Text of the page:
Now you must have heard the mantra that the “silent majority denounces violence” or “extremism is one facet, the silent majority is held captive by the radicals” or “the silent majority supports the war against religious extremists” and the list can go on.
The liberals have loathed the radicals for being the self-proclaimed custodians of society, whereas the radicals believe that the liberals are the disgruntled marginalised elite who are in no way a reflection of our society. They adherently believe that liberal values are an alien and imposed concept and “the silent majority” is more prone towards their ideals. So whose side is the silent majority on?
The findings of a recent survey titled “Radicalisation in Pakistan” revealed that 63.3 per cent of the respondents were opposed to joining the war against terror, whereas only 22 per cent of them in Fata believed that the Taliban are fighting for a just cause. What is more perplexing is that 45 per cent in Fata did not answer this question.
In the aftermath of the September 11 attacks, Pakistan has suffered heavy financial losses which as per some estimates lie around $35 billion and over 25,000 civilians and 8,000 security personnel have lost their lives. Despite such colossal damages from the heinous acts of terrorism in Pakistan, the apologists dominate the mainstream media. If such explicit or covert support to terrorists was extended in any other civilised country there would be a huge public outrage. The media and former intelligence gurus escape the public backlash despite their incoherent bizarre conspiracy theories that justifies violence, simply because even if “the silent majority” does not endorse and support their viewpoints, it also does not out rightly reject them. As per a new report, sweets were distributed at a local seminary in Gunjranwla after the massacre of Ahamdis in Lahore and Nawaz Sharif, the former premier, came under heavy fire from the clergy when he merely stated that Ahmadis were our brothers and an asset to Pakistan — so much for inter-faith harmony.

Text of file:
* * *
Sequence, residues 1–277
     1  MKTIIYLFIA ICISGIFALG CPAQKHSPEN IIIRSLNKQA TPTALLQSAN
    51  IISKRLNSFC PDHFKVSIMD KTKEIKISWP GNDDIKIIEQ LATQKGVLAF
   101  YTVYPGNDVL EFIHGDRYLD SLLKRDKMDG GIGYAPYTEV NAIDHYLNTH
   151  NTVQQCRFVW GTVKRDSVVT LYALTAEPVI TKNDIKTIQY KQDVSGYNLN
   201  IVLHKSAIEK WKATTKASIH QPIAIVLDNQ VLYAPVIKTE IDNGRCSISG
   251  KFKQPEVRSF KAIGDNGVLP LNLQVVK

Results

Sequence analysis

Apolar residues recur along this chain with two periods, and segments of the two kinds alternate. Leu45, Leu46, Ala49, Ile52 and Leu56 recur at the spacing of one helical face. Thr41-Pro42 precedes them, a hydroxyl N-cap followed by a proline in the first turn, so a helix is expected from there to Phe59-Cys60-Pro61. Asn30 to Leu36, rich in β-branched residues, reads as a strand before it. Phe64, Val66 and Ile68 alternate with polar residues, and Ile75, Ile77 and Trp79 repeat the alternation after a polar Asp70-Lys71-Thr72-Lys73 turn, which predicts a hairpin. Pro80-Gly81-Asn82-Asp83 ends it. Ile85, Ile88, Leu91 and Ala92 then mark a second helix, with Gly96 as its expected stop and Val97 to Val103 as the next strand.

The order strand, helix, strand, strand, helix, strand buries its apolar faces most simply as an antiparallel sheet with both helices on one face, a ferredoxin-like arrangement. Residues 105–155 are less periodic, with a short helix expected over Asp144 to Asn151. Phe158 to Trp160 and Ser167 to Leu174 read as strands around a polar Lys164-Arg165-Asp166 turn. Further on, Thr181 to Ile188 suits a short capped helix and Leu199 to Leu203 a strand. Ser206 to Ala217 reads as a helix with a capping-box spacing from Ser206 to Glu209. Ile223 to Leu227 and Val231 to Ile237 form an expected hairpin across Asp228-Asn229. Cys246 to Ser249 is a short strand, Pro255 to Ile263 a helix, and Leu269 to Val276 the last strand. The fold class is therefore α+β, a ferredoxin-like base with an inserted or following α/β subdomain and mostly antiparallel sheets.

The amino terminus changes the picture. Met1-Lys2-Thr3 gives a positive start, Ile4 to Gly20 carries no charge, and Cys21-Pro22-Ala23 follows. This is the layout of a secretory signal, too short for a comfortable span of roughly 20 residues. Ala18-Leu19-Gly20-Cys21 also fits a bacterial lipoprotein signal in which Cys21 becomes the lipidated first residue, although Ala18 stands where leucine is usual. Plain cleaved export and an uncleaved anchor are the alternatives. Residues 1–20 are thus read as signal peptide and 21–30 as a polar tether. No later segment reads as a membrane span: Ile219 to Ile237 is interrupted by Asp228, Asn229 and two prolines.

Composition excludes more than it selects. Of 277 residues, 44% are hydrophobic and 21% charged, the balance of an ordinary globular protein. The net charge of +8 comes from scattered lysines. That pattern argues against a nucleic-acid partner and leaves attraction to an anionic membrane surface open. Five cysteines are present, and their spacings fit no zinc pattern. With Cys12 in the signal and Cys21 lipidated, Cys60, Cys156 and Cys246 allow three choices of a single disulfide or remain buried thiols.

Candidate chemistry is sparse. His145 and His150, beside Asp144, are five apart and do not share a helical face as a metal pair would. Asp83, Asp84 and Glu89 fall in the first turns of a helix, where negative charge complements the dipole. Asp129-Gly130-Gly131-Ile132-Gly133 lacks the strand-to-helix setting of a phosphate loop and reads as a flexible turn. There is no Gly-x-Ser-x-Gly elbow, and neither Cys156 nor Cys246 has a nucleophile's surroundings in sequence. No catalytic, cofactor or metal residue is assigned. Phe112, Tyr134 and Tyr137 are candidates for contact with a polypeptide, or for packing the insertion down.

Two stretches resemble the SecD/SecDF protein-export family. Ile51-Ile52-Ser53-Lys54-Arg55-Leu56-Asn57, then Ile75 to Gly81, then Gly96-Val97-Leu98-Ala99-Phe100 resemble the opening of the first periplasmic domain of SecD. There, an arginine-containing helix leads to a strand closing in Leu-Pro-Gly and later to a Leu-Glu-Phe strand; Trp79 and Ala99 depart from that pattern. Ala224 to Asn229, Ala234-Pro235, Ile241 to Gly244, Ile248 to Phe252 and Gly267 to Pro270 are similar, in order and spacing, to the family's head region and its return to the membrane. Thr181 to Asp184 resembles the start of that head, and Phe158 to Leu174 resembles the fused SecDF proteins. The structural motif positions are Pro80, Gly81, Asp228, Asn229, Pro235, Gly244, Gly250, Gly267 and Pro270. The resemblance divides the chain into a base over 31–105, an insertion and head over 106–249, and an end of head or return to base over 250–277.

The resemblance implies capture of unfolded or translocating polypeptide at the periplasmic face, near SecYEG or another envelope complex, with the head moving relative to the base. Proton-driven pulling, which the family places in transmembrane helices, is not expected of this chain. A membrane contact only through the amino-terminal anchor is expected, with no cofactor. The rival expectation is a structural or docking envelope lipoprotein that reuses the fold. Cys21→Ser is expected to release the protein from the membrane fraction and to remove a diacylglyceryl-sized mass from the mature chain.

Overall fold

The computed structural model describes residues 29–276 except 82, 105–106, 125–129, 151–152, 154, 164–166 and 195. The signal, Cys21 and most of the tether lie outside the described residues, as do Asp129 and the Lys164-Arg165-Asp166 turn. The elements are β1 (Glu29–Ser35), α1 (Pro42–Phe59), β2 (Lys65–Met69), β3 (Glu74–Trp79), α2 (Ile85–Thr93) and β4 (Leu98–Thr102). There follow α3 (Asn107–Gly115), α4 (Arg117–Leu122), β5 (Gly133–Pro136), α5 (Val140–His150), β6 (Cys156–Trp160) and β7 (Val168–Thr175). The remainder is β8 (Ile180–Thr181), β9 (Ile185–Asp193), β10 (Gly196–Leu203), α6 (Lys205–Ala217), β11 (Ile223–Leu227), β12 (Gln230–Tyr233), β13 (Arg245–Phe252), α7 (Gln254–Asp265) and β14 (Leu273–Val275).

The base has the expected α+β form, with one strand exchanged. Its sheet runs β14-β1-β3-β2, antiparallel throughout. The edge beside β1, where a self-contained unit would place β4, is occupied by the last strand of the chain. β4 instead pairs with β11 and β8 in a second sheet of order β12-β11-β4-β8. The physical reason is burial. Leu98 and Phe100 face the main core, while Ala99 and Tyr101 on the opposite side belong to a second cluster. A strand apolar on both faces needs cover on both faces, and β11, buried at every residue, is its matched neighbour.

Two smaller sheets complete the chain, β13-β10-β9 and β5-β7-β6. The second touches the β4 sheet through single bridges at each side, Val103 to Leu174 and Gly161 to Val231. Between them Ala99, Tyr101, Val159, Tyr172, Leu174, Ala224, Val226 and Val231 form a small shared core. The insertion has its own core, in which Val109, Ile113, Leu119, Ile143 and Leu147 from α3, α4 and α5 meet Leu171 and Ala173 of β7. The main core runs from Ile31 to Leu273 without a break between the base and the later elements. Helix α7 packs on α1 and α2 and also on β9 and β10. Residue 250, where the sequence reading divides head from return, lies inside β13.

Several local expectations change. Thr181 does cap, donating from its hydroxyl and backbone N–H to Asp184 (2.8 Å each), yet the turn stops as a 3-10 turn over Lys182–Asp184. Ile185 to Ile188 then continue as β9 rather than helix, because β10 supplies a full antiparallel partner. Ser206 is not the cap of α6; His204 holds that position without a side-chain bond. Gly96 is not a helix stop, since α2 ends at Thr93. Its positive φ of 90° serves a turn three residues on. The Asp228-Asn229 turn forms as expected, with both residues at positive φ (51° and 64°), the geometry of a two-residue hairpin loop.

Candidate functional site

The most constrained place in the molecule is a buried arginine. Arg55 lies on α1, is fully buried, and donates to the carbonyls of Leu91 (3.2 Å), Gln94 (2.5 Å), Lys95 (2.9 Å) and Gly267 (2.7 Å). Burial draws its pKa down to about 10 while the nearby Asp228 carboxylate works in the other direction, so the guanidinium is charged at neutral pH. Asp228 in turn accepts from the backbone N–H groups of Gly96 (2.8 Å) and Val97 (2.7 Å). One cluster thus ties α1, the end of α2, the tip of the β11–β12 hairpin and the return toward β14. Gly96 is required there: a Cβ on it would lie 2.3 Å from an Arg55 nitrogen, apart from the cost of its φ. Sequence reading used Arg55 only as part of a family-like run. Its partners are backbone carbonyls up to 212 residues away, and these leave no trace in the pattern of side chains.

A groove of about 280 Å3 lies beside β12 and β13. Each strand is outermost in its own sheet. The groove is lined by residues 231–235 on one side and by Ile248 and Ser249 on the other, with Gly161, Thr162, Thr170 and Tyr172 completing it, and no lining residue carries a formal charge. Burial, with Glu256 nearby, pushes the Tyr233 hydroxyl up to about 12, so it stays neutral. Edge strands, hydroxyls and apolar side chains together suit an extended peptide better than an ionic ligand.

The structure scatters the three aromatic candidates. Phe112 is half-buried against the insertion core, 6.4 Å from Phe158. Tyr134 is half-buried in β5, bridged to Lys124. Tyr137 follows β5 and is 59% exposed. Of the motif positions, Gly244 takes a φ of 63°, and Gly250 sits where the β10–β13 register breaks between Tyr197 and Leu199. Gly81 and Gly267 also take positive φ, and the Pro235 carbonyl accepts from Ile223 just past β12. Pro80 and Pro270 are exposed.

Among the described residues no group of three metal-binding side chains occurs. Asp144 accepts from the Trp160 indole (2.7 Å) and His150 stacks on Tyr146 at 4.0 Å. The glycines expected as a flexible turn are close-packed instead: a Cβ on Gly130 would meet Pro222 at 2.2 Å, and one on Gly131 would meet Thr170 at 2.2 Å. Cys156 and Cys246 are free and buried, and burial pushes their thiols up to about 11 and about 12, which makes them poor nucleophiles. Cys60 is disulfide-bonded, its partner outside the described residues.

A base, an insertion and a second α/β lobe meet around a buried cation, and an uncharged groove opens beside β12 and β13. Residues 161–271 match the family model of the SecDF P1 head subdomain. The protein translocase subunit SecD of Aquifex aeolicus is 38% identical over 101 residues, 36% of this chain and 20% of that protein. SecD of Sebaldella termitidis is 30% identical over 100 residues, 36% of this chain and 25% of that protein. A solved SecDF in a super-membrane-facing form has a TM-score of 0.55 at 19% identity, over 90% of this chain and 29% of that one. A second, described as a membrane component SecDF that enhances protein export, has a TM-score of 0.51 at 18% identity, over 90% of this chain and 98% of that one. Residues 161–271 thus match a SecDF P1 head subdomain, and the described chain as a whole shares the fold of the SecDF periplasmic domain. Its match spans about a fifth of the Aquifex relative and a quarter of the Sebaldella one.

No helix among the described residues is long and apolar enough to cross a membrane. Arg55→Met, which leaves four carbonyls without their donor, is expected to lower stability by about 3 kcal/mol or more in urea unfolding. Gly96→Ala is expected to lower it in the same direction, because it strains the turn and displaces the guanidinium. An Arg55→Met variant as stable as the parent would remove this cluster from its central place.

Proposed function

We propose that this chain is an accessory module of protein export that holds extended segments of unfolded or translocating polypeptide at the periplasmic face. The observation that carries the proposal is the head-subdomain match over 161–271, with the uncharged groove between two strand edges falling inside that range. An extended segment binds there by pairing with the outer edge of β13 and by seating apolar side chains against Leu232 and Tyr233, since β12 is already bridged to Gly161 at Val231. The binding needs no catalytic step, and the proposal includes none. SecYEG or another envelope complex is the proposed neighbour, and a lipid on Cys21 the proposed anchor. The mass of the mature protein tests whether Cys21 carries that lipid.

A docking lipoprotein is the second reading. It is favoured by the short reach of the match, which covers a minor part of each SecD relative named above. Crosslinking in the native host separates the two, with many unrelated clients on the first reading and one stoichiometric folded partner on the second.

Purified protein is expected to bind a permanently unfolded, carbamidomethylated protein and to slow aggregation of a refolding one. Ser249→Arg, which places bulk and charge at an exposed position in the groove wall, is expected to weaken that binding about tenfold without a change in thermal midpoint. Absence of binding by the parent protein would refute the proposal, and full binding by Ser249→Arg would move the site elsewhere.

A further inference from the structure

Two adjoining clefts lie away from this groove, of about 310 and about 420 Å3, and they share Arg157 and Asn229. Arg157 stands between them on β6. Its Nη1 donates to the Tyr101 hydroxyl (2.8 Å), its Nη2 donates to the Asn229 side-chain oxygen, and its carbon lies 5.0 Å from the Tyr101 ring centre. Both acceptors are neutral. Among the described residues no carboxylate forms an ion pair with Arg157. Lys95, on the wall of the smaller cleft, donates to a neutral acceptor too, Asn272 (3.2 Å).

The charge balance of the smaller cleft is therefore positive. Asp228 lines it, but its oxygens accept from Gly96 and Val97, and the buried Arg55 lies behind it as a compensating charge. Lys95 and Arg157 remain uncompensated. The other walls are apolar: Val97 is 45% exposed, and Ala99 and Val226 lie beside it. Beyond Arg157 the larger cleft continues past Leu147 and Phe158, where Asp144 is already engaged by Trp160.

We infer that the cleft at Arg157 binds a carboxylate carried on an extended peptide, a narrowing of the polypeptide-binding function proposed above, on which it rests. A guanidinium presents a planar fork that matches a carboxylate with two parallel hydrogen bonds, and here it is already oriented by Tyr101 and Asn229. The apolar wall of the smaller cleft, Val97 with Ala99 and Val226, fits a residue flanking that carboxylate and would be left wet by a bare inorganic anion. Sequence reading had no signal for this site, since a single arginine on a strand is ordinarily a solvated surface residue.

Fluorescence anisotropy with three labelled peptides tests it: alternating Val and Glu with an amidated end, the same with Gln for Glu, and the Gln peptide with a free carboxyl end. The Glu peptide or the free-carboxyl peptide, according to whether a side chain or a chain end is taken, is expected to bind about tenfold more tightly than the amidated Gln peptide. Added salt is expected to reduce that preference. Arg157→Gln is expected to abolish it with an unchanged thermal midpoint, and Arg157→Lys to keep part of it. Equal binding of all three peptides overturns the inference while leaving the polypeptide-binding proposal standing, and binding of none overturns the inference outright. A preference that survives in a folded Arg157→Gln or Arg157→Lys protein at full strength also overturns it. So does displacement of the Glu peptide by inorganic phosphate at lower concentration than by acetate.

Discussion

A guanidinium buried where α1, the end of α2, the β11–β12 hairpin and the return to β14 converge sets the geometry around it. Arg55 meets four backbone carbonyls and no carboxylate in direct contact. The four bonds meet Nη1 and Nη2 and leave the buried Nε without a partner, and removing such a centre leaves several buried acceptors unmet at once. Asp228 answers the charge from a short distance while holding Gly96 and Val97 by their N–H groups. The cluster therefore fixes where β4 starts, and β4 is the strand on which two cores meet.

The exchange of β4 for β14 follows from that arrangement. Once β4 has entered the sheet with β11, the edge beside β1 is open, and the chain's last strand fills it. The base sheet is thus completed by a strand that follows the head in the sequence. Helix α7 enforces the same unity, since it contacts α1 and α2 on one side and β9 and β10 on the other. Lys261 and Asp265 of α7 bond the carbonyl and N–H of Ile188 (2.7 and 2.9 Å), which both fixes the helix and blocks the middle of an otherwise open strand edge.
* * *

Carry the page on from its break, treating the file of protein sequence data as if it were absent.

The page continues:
Ayaz Qureshi, a leading anthropologist at SOAS, offers an interesting perspective that we always allude to a silent majority but we cannot be sure of its existence for as long as it chooses to remain silent. Moreover, if we leave terrorist activities aside for a moment, it will not be out of place to say that society is increasingly becoming intolerant: people cannot stand a difference of opinion and are adamant on imposing their viewpoints on others. One can’t be sure whether violent extremism gives rise to such intolerant society or intolerance ‘as our national character’ feeds the extremist element, or both of these complement each other. So if we believe that we are the members of this “silent majority” we too need some introspection in addition to speaking out against the extremists. Pakistani society is infused by a profound sense of collective frustration, chaos and cluelessness. Such radicalised social environment is naturally exploited by terrorists.
A de-radicalised society is more receptive towards the notions of democratic governance, women’s emancipation, education and humanism. We have to look beyond operations and counter-insurgency approaches as they can only provide some breathing space, the end goal should however remain to build a society which has zero tolerance for violence and no sympathies for terrorists. A society which is free from radical sentiments serves as the first line of defense against terrorism, thus it is imperative that we address the collective grievances behind radicalisation, as it is perhaps the most effective way of addressing the root causes of terrorism.
Published in The Express Tribune, June 19th, 2010.